Sad, but not unexpected news, the International Union for Conservation of Nature (IUCN) lists the Western chimpanzee (Pan troglodytes verus) as critically endangered in their Red List of threatened species.
The total population estimate for the Western chimpanzee is a not-s0-accurate 18,000–65,000 individuals (Sop et al. in prep) – lending further concern to the fate of chimpanzees.
High levels of bush-meat hunting, the loss of habitat and habitat fragmentation resulting from human activities, the Western chimpanzee is estimated to have experienced a significant population reduction in the past 50 years, and it is suspected that this reduction will persist in coming years. The extent of overlap between chimpanzee occurrence and areas suitable for oil-palm development is likely to exacerbate population declines in coming years (Wich et al. 2014), especially in Liberia (94.3% overlap) and Sierra Leone (84.2% overlap), which along with Guinea are the strongholds for the Western chimpanzees (Kormos, Humle et al. 2003, Brncic et al. 2010, Tweh et al. 2015).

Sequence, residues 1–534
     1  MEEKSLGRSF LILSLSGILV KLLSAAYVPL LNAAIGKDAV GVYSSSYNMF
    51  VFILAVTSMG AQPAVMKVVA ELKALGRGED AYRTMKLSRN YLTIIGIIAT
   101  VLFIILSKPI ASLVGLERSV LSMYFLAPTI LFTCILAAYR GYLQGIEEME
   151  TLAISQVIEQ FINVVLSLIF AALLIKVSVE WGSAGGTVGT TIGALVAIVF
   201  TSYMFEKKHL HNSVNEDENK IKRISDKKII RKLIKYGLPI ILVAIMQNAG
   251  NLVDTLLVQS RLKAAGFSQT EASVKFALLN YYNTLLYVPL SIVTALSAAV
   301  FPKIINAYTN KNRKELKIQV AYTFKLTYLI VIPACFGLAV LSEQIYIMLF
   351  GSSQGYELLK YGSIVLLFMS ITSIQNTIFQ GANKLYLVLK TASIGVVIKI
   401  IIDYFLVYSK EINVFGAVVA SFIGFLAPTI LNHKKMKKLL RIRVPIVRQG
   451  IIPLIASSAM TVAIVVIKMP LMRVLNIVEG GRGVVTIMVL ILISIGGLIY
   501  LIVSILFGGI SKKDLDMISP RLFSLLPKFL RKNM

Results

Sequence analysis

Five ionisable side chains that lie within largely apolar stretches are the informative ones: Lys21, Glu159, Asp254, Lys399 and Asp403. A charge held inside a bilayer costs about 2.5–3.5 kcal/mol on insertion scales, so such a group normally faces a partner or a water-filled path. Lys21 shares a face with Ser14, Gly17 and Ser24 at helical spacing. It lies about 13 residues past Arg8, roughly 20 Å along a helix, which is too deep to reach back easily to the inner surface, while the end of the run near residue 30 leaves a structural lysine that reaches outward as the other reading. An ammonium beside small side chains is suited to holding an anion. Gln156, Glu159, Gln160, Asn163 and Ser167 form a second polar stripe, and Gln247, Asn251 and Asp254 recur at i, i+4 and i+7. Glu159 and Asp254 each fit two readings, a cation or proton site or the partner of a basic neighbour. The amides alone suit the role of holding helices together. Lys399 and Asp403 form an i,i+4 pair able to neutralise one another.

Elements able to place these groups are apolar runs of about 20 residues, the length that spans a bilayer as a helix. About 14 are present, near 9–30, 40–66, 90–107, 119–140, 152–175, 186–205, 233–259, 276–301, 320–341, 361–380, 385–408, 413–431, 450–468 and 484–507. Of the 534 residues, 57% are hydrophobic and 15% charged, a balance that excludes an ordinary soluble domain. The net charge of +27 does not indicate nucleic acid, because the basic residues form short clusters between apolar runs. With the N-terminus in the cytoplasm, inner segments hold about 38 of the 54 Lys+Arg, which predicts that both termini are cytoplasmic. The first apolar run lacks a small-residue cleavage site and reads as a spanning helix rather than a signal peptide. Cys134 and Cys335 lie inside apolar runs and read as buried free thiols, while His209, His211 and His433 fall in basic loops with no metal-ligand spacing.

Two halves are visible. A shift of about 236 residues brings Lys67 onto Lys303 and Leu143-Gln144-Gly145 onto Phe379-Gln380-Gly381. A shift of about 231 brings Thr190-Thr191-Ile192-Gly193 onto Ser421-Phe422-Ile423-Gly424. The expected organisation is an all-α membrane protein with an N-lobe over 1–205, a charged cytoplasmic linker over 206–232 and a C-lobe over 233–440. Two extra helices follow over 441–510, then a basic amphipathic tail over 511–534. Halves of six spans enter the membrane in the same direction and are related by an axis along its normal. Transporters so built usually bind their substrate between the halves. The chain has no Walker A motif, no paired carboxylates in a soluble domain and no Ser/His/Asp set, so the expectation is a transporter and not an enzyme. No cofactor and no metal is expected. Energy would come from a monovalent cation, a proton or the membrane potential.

Notes & Sources
Report Citation: Humle, T., Boesch, C., Campbell, G., Junker, J., Koops, K., Kuehl, H. & Sop, T. 2016. Pan troglodytes ssp. verus. The IUCN Red List of Threatened Species 2016: e.T15935A17989872.